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magic debunked, skeptic's special:





blackfish
1. this guy (chris angel) walks on water: http://www.youtube.com/watch?v=sBQLq2VmZcA
2. this guy puts a salt shaker thru glass: http://video.google.com/videoplay?docid=-6119531719408235115&q=japanese+magic

watch the videos before you read the explanations (below) if you want to try solving them yourself.

1. there's a couple of things that point out the obvious walking on water illusion:
a. the crowd is over acting, they don't seem genuinely awed.
b. he steps over the spot where he drops his shoe
c. he steps over the spot where the girl crosses his path
d. the girl that crosses his path very meticulously lines herself up to go thru a gap (her poor precision actually blows the whole thing for the illusionist).

debunked: there is clear plexiglass under the surface of the water that has the same index of refraction as water, thus appearing invisible from certain camera angles. there are gaps in the glass to allow the actors to swim thru and under.

2. salt shaker thru the glass debunked: this one is funny. unfortunately the sound will give him away. the coin trick is easy: duplicate coins - the top one is very noticeably lifted (he's no david blaine, that's for sure). the salt shaker is more interesting. this is how it's done:
a. plant the shakers so they have metal parts (conveniently there's only one table with an empty place for someone to join)
b. ask the lady to hold it close enough to the underside of the glass table top
c. use a strong magnet to attract the shaker to the top of the table (listen closely - you'll hear a click)
d. drag the shaker close to the edge of the table using the magnet, progressively hiding it under your hands to give the illusion that it's coming thru (getting shorter).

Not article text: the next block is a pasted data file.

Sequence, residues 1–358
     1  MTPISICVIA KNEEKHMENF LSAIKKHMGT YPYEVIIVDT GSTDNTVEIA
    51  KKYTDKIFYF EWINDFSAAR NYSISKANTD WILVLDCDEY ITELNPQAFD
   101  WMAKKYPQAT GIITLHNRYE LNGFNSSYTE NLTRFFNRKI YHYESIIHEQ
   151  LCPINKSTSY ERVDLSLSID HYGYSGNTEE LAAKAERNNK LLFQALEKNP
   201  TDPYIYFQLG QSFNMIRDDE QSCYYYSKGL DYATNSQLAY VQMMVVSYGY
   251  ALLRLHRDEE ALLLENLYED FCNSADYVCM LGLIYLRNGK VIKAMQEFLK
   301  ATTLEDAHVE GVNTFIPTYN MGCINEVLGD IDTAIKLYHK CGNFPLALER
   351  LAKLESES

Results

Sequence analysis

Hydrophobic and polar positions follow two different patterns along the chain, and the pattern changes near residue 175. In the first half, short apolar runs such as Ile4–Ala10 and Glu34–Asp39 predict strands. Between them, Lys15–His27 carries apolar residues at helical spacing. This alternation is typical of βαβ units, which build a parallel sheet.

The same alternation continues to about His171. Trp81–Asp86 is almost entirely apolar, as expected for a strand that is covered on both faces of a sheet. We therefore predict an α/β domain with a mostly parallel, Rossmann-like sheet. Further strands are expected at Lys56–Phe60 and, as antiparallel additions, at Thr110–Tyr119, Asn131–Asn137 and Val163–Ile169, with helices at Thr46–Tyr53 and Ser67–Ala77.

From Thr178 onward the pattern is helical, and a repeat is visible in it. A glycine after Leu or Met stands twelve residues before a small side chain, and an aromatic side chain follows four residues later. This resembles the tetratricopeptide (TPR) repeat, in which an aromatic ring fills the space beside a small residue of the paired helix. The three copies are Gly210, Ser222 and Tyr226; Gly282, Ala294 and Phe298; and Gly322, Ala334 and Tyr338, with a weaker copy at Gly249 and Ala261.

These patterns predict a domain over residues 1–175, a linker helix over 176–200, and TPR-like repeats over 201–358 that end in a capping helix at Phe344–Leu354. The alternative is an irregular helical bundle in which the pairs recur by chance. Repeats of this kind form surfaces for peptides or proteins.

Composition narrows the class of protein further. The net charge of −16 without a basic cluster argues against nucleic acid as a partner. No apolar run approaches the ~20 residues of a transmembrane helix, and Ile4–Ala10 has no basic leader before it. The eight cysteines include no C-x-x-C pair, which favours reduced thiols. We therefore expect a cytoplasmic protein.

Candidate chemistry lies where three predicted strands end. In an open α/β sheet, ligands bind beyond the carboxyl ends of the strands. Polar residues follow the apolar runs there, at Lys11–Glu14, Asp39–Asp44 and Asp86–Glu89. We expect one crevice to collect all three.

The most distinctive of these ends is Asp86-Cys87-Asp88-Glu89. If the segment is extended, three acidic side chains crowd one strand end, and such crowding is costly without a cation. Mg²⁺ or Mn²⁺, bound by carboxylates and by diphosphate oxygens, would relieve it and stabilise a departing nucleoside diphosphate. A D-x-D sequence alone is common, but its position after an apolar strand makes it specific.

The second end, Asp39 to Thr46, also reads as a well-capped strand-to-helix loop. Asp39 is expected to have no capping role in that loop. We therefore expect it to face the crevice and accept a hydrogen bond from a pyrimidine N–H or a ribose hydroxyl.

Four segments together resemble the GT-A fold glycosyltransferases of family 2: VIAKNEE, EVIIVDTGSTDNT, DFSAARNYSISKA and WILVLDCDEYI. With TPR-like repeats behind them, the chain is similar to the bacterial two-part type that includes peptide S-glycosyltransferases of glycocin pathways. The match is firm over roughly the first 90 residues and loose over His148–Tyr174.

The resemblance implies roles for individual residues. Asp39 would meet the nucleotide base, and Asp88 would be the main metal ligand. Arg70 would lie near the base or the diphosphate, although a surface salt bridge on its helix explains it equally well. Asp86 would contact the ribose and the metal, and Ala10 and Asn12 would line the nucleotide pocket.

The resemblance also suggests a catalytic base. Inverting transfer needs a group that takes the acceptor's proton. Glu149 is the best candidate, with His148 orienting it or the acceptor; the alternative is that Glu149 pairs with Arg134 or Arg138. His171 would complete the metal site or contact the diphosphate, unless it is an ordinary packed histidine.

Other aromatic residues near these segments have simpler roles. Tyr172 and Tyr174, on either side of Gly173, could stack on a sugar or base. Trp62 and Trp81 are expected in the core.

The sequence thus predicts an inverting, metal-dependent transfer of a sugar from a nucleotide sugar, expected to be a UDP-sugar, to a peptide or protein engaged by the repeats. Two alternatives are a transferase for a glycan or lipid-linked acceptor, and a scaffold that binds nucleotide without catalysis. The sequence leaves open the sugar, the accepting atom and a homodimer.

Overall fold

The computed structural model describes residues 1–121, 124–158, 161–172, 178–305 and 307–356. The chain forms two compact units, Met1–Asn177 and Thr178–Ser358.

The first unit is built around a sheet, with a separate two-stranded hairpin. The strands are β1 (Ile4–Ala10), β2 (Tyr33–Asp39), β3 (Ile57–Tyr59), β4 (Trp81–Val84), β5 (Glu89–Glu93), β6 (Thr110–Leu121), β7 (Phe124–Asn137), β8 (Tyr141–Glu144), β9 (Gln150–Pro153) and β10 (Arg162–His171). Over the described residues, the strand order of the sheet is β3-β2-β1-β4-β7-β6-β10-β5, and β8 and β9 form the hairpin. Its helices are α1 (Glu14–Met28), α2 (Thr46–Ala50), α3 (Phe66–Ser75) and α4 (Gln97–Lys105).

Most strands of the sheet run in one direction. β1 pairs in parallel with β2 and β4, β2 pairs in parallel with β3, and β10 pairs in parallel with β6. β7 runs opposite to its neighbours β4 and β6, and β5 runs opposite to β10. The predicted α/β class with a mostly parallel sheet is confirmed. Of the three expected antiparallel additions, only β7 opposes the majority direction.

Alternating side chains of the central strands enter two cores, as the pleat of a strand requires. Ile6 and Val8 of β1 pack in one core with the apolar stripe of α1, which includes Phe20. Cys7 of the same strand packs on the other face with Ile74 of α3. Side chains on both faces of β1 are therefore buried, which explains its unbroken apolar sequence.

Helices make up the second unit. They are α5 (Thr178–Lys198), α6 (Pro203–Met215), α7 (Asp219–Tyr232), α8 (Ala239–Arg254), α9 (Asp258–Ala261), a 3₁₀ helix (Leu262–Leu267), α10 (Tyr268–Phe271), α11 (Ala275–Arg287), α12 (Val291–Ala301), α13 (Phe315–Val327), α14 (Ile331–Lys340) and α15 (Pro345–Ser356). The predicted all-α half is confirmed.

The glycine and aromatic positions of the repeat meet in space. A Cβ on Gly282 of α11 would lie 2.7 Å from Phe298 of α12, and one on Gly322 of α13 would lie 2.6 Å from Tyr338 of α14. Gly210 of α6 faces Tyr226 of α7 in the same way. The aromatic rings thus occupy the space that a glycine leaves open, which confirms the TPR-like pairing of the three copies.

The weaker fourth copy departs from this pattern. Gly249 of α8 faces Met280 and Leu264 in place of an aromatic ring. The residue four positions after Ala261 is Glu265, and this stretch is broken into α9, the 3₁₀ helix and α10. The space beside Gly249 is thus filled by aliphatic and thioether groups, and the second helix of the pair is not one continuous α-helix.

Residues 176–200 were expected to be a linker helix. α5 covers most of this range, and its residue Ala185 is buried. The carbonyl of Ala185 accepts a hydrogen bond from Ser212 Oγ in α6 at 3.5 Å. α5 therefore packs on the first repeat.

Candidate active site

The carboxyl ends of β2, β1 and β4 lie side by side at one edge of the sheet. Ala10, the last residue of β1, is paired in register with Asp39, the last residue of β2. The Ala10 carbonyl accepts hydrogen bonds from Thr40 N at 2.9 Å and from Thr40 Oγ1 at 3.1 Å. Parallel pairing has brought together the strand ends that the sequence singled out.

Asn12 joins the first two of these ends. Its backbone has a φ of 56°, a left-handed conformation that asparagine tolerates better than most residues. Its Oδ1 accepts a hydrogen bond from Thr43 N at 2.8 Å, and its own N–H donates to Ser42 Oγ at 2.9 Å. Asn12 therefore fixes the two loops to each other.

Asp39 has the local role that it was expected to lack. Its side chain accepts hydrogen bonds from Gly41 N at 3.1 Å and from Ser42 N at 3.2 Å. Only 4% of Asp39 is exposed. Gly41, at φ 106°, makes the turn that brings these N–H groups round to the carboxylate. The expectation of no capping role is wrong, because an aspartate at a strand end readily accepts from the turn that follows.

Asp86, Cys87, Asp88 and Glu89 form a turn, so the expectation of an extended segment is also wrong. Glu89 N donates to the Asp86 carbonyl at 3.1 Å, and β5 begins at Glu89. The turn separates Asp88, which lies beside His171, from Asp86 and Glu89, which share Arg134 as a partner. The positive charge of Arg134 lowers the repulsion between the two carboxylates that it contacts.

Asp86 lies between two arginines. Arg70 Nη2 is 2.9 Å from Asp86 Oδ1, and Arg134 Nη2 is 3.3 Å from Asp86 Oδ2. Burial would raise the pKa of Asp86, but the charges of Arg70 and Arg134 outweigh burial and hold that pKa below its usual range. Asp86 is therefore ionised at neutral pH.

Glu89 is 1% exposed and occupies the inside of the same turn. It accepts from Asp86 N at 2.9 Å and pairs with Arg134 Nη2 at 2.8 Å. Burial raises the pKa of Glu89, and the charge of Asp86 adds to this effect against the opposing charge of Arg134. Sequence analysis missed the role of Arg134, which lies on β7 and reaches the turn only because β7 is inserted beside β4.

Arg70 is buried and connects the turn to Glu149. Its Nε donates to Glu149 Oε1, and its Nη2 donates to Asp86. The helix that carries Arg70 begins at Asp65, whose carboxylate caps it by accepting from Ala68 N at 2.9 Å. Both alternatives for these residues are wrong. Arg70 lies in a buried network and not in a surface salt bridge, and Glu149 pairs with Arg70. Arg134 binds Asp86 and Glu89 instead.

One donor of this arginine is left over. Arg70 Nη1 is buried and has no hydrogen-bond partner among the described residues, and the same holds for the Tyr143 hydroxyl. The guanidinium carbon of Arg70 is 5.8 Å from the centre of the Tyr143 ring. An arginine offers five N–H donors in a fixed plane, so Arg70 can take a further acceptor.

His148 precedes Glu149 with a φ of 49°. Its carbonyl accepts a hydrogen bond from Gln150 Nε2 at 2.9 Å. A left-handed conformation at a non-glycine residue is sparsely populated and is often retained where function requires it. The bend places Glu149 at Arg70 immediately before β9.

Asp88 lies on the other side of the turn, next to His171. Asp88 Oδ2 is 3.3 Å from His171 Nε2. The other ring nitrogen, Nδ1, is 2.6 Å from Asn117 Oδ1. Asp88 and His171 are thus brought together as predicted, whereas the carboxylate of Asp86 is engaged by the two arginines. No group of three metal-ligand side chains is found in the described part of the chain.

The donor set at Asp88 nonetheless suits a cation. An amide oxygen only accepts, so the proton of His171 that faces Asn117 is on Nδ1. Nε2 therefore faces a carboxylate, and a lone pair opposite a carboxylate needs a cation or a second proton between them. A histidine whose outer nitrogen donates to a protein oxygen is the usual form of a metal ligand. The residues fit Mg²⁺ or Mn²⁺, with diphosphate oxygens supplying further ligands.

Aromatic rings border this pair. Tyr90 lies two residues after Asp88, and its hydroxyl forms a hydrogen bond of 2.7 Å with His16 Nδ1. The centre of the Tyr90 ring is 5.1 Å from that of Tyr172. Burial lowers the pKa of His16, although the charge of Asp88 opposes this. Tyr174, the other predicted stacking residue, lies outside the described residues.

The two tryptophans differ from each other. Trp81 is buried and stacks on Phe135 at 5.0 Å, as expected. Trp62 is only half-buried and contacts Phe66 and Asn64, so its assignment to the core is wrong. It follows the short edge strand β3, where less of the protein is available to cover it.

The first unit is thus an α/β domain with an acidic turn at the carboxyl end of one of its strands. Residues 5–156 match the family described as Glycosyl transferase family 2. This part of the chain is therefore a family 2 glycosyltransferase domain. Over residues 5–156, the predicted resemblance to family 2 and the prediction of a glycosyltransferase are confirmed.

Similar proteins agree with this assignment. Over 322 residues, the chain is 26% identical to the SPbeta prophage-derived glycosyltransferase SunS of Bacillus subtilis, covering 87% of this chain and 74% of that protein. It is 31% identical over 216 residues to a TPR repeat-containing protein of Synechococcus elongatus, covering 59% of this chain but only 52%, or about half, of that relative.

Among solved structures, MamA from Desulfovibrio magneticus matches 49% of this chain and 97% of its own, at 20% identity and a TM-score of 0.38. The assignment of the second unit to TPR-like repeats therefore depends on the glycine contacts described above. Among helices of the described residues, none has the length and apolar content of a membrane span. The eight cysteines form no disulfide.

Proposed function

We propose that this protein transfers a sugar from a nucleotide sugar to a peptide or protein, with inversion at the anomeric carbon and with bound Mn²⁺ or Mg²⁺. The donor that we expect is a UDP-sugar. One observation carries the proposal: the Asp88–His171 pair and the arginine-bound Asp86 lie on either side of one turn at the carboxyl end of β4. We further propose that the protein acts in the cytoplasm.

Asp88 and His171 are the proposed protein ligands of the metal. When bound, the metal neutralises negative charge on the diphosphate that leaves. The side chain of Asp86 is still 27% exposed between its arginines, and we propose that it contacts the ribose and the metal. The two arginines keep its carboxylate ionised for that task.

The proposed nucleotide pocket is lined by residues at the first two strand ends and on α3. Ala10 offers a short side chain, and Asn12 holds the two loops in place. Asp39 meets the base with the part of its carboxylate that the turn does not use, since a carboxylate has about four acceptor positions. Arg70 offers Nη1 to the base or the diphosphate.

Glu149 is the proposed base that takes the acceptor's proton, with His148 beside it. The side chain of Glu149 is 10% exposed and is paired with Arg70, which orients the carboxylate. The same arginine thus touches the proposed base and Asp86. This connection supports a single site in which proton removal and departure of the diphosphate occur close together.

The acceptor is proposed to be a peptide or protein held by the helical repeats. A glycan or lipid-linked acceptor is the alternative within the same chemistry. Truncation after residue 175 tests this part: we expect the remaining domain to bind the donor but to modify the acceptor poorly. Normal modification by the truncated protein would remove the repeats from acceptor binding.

e. work on the your second shaker coming out the top to distract the audience
f. drop the shaker under the table (listen closely - you'll hear the thump as it hits the floor)
g. pull out the top shaker completely with a big stupid grin on your face.

both illusionists executed their tricks poorly. i'm still impressed with david blaine, although he is a little eccentric, his card tricks are phenomenal.
pll
I already saw the Criss Angel walking over water. Since the first time I saw him "walking on water" I knew there was plexi glass or some kind of glass under the surface of the water.
tony
Hahaha this is a bit off topic, but just in response to your signature, pll, I love it.

As for myself, that's the exact reason why I use linux :p
Magicman
I knew there had to be plexiglass or something the first time I saw the walking on water thing. I didn't notice the things you pointed out but now that you have, it is blatantly obvious how he did that. I did notice that there are some gaps in your explanation of the illusions in the second video though.
YungGunz
That Walking on Water trick was pretty good. I know it's fake, but you gotta admit, if you can fool someone like that, you're pretty good.
Afaceinthematrix
Okay... this doesn't really debunk anything. Everyone knows that it's an illusion. That's what makes magic fun to watch... it's always fun to try and figure out how the tricks are done.
daljirman
Of course that guy (Chris Angel) uses a glass on the surface of the water. That's bit tricky, but it's easily understandable. I've seen a guy walking on the air, it's the same, they used a hard glass surface... Loll
jsarnold
I used to work semi professionally as a magician, and I would always get the best reactions from people when the magic was performed right under their noses. Everyone knows big illusions are carried out miles away from the audience, and secret trap doors, compartments, mirrors etc are hidden. I worked for a couple of years as a table hopping magician in a restaurant.